Putin Says Russia’s Military Had Crucial Role In Stopping Wagner Mutiny: Admits Group Funded By State


(RFE/RL) — President Vladimir Putin on June 27 sought to gloss over the Russian authorities’ lack of immediate reaction to the Wagner mercenaries’ short-lived mutiny over the weekend, praising the military as the country’s savior from civil war.

Wagner mercenaries on June 24 took over the southwestern city of Rostov-on-Don and covered some 780 kilometers toward Moscow before abruptly aborting their march some 200 kilometers away from the Russian capital in a move that the group’s chief, Yevgeny Prigozhin, said was meant to “prevent shedding Russian blood.”

However, during their march toward Moscow, Wagner mercenaries shot down several military aircraft, killing at least 10 pilots, and Putin opened his June 27 meeting with military personnel with a minute of silence to honor the pilots and said they “fulfilled their duties with honor.”

“You defended the constitutional order, lives, security, and freedom of our citizens, saved our motherland from shake-ups, actually stopped a civil war,” Putin told some 2,500 military personnel gathered in the Sobornaya Square inside the Kremlin.

In a display of unity at the top of Russia’s leadership, Putin then appeared flanked by Defense Minister Sergei Shoigu while meeting members of security forces after his address.

The dismissal of Shoigu and Chief of the General Staff Valery Gerasimov was one of Prigozhin’s chief demands that triggered the mutiny.

Prigozhin, a former close associate of Putin’s, had said the aim of his troops’ march toward Moscow was not to overthrow the elected Russian government, but to highlight the incompetence of Russia’s military leadership in its war against Ukraine.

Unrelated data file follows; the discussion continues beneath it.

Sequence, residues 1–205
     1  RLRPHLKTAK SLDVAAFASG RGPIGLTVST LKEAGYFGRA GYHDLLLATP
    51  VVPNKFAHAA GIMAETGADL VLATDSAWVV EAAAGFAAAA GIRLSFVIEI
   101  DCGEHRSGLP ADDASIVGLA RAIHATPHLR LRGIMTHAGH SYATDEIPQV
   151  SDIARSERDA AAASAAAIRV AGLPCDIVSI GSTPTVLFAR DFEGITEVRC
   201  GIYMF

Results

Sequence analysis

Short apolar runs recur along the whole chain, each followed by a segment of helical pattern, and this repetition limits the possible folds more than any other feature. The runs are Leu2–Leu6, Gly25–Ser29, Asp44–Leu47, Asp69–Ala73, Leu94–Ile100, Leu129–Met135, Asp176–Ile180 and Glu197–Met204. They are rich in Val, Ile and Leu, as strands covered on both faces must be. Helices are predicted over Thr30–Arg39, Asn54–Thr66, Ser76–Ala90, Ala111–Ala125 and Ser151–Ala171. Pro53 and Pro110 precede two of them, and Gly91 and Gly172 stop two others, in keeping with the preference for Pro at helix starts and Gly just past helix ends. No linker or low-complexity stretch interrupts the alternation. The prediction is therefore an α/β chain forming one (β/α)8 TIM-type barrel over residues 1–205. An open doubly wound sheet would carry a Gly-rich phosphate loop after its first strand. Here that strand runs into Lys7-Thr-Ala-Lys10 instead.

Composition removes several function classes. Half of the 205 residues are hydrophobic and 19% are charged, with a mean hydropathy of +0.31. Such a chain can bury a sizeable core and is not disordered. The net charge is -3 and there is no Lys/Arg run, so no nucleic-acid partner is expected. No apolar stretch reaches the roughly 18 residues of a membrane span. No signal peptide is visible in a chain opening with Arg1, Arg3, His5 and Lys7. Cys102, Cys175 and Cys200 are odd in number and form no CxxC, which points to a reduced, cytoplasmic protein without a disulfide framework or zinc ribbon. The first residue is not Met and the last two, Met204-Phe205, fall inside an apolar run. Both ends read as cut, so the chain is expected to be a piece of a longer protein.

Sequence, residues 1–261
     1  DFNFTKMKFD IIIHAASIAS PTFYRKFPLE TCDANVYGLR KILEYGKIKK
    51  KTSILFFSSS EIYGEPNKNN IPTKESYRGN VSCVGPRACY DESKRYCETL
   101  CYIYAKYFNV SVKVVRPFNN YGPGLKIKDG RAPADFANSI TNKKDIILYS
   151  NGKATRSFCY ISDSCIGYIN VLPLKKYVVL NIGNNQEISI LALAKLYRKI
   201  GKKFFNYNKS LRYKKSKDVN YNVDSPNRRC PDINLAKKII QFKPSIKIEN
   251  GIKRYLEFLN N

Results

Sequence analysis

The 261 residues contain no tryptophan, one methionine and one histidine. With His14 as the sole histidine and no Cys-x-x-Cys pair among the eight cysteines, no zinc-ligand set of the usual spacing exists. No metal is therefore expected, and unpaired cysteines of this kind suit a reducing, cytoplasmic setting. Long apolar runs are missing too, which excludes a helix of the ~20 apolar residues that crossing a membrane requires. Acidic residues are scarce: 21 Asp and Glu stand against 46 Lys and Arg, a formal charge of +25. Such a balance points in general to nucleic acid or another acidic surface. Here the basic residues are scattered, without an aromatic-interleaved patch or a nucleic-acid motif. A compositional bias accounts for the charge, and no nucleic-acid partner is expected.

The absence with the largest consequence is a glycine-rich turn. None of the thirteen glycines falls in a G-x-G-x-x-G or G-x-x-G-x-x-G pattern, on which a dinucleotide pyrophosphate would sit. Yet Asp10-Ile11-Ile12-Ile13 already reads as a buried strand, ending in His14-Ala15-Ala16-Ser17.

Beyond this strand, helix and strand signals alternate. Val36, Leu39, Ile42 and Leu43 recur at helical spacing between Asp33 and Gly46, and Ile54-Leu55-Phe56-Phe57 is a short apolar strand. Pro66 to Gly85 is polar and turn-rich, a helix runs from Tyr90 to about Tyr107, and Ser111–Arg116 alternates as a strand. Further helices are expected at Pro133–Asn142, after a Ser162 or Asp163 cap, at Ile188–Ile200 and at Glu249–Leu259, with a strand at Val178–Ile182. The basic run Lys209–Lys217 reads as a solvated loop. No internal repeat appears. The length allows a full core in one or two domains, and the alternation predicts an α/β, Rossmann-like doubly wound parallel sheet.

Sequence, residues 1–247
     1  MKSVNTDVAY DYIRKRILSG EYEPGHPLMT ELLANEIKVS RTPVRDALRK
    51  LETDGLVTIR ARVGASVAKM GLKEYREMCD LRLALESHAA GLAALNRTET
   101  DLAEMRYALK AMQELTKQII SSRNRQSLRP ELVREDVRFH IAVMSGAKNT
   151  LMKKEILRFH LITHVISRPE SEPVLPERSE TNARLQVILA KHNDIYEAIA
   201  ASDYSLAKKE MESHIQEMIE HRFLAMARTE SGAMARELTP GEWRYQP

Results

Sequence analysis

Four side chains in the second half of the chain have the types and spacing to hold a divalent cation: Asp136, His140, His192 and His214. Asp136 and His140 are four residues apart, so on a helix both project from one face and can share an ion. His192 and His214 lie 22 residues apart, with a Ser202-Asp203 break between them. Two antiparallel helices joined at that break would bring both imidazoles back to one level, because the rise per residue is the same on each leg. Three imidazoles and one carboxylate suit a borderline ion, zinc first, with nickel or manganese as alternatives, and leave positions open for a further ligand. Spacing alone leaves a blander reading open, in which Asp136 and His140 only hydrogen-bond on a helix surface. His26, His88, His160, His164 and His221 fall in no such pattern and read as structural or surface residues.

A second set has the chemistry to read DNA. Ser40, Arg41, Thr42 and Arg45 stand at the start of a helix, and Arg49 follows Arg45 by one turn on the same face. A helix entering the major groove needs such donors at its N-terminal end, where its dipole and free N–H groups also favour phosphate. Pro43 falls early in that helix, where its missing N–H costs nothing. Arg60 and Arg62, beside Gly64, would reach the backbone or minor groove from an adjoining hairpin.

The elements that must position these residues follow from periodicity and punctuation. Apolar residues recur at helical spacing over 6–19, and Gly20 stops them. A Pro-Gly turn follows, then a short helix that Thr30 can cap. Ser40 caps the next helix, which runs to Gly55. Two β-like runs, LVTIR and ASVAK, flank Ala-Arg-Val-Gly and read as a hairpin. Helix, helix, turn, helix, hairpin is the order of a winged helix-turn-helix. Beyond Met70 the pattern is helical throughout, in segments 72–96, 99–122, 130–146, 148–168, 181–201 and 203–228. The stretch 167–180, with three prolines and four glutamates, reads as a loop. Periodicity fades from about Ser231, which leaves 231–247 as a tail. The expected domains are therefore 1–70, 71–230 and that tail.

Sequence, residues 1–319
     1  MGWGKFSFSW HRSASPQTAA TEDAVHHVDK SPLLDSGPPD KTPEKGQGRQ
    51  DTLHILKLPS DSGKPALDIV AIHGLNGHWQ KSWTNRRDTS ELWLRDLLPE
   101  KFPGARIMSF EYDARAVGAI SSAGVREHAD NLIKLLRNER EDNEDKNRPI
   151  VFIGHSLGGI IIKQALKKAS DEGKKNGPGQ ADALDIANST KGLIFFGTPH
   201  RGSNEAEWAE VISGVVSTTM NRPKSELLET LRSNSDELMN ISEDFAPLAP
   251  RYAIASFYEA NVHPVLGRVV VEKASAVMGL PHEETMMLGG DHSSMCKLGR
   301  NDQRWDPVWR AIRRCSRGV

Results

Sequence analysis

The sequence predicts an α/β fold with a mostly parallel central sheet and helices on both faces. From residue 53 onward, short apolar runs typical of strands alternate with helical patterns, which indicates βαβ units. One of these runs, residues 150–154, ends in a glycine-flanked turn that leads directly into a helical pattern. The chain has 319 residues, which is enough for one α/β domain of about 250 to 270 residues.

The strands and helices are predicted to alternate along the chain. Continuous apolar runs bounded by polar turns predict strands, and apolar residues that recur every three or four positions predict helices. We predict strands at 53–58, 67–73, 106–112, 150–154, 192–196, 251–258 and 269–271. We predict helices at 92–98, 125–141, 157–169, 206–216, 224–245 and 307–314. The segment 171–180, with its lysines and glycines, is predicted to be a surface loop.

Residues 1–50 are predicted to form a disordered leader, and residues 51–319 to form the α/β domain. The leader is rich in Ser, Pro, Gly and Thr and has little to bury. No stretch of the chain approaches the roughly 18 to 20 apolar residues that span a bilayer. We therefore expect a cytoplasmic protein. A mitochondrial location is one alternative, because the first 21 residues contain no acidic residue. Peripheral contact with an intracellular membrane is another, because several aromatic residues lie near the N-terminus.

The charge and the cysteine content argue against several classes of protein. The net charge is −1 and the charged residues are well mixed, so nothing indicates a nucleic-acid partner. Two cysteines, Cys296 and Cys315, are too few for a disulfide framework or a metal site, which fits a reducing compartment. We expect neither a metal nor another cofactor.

The chief of the Russian National Guard, Viktor Zolotov, who was present at the event, told journalists that Wagner’s “mutiny was prepared and inspired by the West’s special services, because they knew about it and talked about it several weeks before [it happened],” without providing any details to back up his claim.

Zolotov also said that Rosgvardiya may be equipped with tanks and armored vehicles from Wagner mercenaries following their failed uprising.

“We have no tanks or long-range heavy weapons. We will supply our forces with those depending on funding,” Zolotov said, according to Interfax.

Putin admitted during his meeting with the military that Wagner was financed solely by the Russian state. He said Russia funded Wagner with 86 billion rubles ($1 billion) from May last year until last month. Furthermore, Putin said Prigozhin personally earned almost the same amount of money via his catering business.

Prigozhin’s longtime catering business has earned him the monicker “Putin’s chef.”

In his first public statement since abruptly renouncing the mutiny, Prigozhin on June 26 said his action was a “master class” on how Russia’s army should have carried out its invasion of Ukraine in February last year, highlighting what he said were multiple holes in military security that allowed his group to easily take control of cities as it proceeded toward Moscow.

Prigozhin did not reveal his current whereabouts, nor did he mention any details of a reported agreement brokered by Belarusian ruler Alyaksandr Lukashenka that is said to have granted him asylum in Belarus.

Lukashenka said on June 27 that Prigozhin is in Belarus. He also said the mutiny showed that “the situation in Russia had gone out of control, adding that “there were no heroes” in the situation.

Lukashenka did not say if Prigozhin was currently in Belarus, but stressed in his usual anti-Western rhetoric that the United States and the European Union would have used the “chaos” that could follow if the “mutiny” had not been stopped.


RFE/RL journalists report the news in 21 countries where a free press is banned by the government or not fully established.

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